As mentioned in part one, I’ve been out to the Peak District and tested the BruKit in more extreme conditions. The temperature where I tested was at around 2C. Factoring in a wind of 15-20 mph and the temperature was running at about -5C to -7C.
Initial attempts in the open, to actually light the stove failed. The wind was just too much for the gas to ignite. The area I was in was along side a couple of collapsed stone buildings. Once I got down by the side of the rubble the stove ignited. So it won’t ignite in 15-20 mph wind. But once a little sheltered it is fine. I kept the stove in this area, out of the main flow of the wind and started a boil of 500ml (just a little over 2 cups) of water. The water was very cold and I could hear that the flame in the BruKit was being constantly buffered by the wind.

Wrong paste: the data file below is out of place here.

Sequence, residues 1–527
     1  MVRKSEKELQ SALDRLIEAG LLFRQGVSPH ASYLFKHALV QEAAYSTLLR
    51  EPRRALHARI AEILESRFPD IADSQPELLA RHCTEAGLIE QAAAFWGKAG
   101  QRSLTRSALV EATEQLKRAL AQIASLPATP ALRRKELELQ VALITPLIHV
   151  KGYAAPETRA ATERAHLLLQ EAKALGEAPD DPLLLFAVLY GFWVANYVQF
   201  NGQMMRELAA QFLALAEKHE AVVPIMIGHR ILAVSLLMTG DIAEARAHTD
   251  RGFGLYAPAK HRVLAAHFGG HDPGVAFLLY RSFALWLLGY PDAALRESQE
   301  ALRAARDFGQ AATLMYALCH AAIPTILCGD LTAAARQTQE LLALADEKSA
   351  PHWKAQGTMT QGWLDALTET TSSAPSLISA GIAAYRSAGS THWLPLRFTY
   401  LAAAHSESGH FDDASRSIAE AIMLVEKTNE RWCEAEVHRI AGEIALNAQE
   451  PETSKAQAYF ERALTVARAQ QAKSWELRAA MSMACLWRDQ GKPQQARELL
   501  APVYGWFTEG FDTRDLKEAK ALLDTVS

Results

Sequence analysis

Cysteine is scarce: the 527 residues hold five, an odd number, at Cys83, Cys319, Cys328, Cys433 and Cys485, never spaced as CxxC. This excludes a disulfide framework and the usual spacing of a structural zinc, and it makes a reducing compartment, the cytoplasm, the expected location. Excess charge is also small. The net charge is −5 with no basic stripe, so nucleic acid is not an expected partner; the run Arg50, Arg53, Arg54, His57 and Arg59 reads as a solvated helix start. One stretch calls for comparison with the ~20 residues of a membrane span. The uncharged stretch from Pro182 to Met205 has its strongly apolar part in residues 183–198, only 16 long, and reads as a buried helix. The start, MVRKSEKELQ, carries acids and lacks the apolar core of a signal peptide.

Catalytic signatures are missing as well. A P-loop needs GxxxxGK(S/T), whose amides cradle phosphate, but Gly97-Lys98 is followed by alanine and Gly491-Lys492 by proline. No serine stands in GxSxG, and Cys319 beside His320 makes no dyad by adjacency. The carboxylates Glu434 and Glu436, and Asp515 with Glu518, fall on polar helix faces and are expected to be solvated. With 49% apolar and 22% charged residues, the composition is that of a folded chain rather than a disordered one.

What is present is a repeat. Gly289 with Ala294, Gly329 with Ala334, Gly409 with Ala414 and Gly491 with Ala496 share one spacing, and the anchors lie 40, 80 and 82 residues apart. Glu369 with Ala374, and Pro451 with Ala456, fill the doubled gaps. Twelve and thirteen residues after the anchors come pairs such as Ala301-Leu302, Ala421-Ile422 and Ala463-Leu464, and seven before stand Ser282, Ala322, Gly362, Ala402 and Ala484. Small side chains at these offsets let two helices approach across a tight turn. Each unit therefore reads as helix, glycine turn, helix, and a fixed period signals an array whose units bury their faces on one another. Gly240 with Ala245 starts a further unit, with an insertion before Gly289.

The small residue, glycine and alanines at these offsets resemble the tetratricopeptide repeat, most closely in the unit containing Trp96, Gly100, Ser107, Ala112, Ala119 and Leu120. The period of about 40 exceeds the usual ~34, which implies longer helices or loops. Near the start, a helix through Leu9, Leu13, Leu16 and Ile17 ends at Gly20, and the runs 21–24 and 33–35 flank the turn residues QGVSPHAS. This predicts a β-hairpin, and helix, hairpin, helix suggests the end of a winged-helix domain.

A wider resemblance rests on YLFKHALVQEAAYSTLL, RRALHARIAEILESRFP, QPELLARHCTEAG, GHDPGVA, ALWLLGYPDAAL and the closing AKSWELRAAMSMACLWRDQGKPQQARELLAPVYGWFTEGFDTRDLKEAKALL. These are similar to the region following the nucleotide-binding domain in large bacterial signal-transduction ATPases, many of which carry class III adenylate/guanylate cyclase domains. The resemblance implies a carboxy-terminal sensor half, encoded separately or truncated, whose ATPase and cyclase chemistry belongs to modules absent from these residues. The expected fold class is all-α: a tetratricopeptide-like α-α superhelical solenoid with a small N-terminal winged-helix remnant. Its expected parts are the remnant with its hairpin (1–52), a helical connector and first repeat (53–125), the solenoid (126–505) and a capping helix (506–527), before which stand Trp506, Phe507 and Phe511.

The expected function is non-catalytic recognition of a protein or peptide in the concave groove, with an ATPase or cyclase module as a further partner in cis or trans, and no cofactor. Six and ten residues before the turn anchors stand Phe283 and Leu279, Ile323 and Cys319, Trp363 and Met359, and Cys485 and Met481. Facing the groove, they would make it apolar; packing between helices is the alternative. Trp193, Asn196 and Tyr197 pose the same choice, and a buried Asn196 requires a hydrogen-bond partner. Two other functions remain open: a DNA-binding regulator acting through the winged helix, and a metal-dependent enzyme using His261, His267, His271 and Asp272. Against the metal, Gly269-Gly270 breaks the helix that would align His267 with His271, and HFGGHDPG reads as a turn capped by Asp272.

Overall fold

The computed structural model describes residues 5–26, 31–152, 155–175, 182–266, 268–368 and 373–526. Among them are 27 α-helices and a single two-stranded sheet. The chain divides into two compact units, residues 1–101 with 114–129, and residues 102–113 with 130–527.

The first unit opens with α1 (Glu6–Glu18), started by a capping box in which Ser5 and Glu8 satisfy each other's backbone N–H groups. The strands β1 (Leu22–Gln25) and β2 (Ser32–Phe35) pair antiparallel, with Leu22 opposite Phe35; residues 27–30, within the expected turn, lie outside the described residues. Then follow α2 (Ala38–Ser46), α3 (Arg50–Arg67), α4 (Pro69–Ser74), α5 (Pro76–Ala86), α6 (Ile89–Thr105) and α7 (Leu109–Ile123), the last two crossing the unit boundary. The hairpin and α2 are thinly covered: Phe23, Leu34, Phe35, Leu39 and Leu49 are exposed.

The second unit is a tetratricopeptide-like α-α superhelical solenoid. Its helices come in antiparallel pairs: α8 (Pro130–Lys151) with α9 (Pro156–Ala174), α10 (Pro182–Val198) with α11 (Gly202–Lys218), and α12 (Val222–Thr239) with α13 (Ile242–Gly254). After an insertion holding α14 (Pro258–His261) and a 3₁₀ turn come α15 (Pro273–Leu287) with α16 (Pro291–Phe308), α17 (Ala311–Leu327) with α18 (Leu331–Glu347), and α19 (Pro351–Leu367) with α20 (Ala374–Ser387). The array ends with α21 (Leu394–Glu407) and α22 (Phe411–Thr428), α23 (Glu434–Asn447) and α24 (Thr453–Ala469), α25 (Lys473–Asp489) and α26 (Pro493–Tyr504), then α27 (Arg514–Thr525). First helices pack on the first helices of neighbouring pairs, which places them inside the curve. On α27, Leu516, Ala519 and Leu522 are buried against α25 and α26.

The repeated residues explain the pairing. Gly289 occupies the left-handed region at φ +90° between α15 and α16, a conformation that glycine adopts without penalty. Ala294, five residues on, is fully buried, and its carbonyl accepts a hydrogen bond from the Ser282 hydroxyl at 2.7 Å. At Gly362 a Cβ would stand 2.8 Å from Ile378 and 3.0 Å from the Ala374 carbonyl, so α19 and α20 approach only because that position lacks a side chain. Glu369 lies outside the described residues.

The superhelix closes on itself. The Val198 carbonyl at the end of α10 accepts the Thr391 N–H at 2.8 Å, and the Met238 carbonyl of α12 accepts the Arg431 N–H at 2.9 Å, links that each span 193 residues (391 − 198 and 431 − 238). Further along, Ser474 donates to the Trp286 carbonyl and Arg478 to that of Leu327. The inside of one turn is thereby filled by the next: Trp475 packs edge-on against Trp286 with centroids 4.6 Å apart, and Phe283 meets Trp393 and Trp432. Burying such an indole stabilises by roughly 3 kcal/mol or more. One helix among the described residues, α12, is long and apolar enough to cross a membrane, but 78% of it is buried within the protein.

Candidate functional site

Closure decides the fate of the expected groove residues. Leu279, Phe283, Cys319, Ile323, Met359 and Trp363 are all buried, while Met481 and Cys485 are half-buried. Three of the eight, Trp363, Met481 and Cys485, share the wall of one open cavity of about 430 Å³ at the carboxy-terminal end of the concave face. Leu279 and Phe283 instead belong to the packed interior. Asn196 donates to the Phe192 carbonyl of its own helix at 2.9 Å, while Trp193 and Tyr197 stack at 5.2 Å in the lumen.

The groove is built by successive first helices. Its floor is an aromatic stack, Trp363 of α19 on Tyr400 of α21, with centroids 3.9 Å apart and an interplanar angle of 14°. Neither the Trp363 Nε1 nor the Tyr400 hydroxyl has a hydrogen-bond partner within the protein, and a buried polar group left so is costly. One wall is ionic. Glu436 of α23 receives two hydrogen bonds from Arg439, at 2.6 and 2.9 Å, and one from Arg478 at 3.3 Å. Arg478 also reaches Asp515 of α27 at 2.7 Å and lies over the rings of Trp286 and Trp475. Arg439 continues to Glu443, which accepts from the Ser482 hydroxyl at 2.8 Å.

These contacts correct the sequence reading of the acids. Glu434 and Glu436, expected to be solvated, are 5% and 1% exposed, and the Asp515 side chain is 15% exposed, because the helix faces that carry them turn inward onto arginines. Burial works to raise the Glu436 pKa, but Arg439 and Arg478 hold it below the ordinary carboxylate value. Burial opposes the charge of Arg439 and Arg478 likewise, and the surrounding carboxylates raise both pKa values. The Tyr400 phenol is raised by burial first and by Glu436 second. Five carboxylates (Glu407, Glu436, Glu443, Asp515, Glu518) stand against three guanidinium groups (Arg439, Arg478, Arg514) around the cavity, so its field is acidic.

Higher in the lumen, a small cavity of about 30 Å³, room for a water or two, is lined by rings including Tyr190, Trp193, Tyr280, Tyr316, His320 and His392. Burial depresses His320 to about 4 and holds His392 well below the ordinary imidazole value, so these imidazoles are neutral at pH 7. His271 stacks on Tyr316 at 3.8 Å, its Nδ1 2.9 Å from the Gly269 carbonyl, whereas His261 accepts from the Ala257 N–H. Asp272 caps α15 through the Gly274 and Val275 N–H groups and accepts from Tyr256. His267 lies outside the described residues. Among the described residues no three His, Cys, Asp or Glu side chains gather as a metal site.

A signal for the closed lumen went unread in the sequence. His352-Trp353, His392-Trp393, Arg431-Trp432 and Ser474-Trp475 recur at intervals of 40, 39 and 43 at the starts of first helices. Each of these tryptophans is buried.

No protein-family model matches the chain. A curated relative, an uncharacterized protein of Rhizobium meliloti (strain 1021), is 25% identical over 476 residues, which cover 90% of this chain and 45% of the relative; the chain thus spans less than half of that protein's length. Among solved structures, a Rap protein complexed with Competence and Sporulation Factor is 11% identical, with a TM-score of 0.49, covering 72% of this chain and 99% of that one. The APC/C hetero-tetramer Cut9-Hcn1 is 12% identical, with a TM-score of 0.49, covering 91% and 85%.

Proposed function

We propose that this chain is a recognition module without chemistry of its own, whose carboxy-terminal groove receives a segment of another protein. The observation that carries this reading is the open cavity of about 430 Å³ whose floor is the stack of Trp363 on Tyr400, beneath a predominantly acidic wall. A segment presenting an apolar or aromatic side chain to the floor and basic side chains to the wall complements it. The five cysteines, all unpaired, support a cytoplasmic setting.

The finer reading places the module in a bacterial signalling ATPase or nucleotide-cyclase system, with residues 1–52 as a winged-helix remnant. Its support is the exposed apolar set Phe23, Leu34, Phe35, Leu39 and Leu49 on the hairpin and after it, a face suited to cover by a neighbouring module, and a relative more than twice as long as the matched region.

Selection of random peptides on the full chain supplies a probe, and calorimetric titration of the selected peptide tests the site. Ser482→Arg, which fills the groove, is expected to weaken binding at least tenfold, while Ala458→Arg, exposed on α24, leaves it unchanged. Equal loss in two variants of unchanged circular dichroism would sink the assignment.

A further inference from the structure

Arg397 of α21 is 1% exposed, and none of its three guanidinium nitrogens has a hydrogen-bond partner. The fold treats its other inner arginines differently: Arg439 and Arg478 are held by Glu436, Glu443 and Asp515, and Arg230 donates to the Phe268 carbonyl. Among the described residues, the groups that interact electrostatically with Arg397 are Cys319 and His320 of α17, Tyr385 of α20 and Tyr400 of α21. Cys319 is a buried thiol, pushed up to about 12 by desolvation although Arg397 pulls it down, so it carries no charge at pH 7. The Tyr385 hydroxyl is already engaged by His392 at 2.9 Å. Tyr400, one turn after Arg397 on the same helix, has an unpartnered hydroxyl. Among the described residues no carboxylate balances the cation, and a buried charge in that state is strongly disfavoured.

So what was the time to a rolling boil? It was 10 minutes and 15 seconds. This was to be expected I believe as the stove was on the limits of it’s performance. The severe buffeting the flame was having to cope with meant that it was struggling to maintain a constant jet. It was so windy that the stove was constantly wobbling. I think this boil time, considering the conditions is acceptable. My Jetboil ZIP constantly managed 3 minutes 20 seconds in cold weather, but there was no wind. If it had been very windy, I’d expect nearly double that time. So the time differences between the ZIP and BruKit would be pretty consistent.
So the BruKit isn’t as fast as a Jetboil, but it is a third of the cost, and enough for two people. If I was buying a stove from scratch I would favour the BruKit. And support an independent British company.